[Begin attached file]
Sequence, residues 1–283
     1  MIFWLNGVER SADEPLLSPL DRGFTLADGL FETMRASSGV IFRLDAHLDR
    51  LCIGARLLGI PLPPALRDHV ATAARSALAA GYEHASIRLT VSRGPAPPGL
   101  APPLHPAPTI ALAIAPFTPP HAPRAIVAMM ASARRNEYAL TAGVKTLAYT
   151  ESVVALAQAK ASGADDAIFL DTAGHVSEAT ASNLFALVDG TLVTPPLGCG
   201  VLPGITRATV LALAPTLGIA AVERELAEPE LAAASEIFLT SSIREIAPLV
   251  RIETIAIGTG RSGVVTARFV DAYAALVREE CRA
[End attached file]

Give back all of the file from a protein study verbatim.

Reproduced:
Sequence, residues 1–283
     1  MIFWLNGVER SADEPLLSPL DRGFTLADGL FETMRASSGV IFRLDAHLDR
    51  LCIGARLLGI PLPPALRDHV ATAARSALAA GYEHASIRLT VSRGPAPPGL
   101  APPLHPAPTI ALAIAPFTPP HAPRAIVAMM ASARRNEYAL TAGVKTLAYT
   151  ESVVALAQAK ASGADDAIFL DTAGHVSEAT ASNLFALVDG TLVTPPLGCG
   201  VLPGITRATV LALAPTLGIA AVERELAEPE LAAASEIFLT SSIREIAPLV
   251  RIETIAIGTG RSGVVTARFV DAYAALVREE CRA